The Uni portable reading room. Ozone Park Plaza. 2014.

Meet New Residents Street Lab aka the Uni Project

Street Lab is a nonprofit that creates unique programs for public space across New York City—pop-up reading rooms, open-air drawing studios, and more. Our passion is bringing people together and transforming public space, and we focus on solutions that communities can’t easily implement themselves, sharing our solutions across the city. We choose pop-up locations based on requests from community groups, and we work in partnership with NYC Parks and NYC Dept. of Transportation, prioritizing underserved areas. We also send kits around the world so that other cities can do the same. In New York City, we are known primarily as the Uni Project

Desiree Frieson: Tell us how The Uni Project got started. When was your aha moment? (Tell us about the process of starting up.)

Sam Davol: In 2005, we moved our family to downtown Boston temporarily (it ended up being for six years), and we wanted to contribute to our new neighborhood, which was full of empty spaces after a major urban reconstruction project called the “Big Dig.” We started doing pop-up experiments, to draw people downtown and activate space. We saw a vacant lot across the street, and we created an outdoor movie festival called Films at the Gate in Chinatown, inviting people to bring take-out from local restaurants. We did other projects, like dance rehearsals in a empty storefront, and eventually created a nonprofit called Street Lab to do this kind of work.

Before returning to NYC, we did one final project in Boston called the Chinatown Storefront Library which was a community-run library in a vacant storefront, with 5000+ donated books and events that ran into the evening. (https://www.storefrontlibrary.org/) Passersby could see library patrons on the inside of the storefront glass, displaying values that were important to us and other residents of Chinatown. The Storefront Library was our most popular project in Boston, but we noticed something interesting in our data: during good weather, our patron numbers dropped. It turned out that people were going to the park instead of our space. With that lesson in mind, on moving back to New York in 2011, we launched the Uni Project, which was a pop-up reading room designed to go where people already gather, including parks, plazas—anywhere, really. Last year, we completed our 500th deployment in NYC, and we now work city-wide, reaching all five boroughs with different programs for public space: READ, DRAW, BUILD, EXPLORE, and more. (https://www.theuniproject.org/programs/) In 2018, we’re expanding the scope of our programs further, and we are re-introducing our original nonprofit name Street Lab to be an envelope for programs that range beyond learning and education.

Desiree: Who is on your team?

Sam: Leslie serves as Executive Director, focusing on program management and development, partnerships, administration, fundraising. Sam focuses on logistics, design, fabrication, and communications. Leah Kaplan is our full-time Program and Operations Manager. And we have a roster of 10 part-time staff who work in the field, including several LCC students. We also have 35 active volunteers and other pro bono contributors (architects, designers, educators, etc.)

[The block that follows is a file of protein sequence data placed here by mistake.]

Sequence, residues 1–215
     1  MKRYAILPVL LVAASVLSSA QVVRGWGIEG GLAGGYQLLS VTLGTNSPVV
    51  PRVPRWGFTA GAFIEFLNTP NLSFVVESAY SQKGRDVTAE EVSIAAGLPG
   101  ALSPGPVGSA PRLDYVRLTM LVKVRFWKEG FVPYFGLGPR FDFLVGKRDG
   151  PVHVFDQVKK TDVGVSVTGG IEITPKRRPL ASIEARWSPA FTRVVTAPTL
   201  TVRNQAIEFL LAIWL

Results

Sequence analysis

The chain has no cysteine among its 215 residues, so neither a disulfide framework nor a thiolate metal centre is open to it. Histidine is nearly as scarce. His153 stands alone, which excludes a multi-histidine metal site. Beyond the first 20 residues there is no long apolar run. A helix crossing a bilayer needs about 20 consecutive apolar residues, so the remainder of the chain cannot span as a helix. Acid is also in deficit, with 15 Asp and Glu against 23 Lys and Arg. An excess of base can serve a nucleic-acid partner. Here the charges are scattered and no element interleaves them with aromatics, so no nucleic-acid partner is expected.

Desiree: Who are your primary customers?

Sam: For our programming work, we are focused on creating a great experience for the New Yorkers who walk up and engage with our programs (all of which are free). If it doesn’t work for them, nothing else really matters. We also seek to please and address the needs of the 100+ community partners and city agencies that host us in each location. We deploy only where we are invited, so without them, we’re not going anywhere. Finally, there are funders and sponsors who make our work possible, and they get our attention as well.

The other part of our work involves fabricating programming “kits” for other organizations and cities so they can copy our model. Most of our customers have been libraries, and we’ve also built for park conservancies, museums, and the US State Department. Here’s a list: (https://www.theuniproject.org/in-other-cities/)

Desiree: Tell us about your fundraising strategy as a non-profit. What opportunities are on the horizon for The Uni Project?

Sam: We’ve worked hard to diversify our revenue sources, so that we are not solely dependent on charitable donations. We bring in a significant amount of earned revenue from program fees and sales of kits to other cities around the world. One area where we feel there is room to grow is corporate sponsorship.

Desiree: Tell us about your biggest accomplishment to date and why are you so proud of it.

Sam: One of our goals is to be a 100% climate neutral organization by the end of this year. Our partnership with NYC Department of Transportation now includes a truck sharing arrangement, so that most of our equipment rides on existing NYC DOT truck routes. This partnership lets us reach hundreds of new locations with programming while cutting our organization’s trucking by about 75%. We think there will be an increasing demand for services in NYC that are provided sustainably and use cooperation to reduce energy use. We want to show how that can be done in our work.

Desiree: How can people get involved with the Uni Project?

Sam: Stop by our studio or reach out in any other way! Volunteering with us on the street is a great way to explore the city and meet fellow New Yorkers. Offering pro bono design or professional help is another great way to make a contribution that can impact scores of neighborhoods across the city. We’d also love help finding funders and sponsors.

___________________________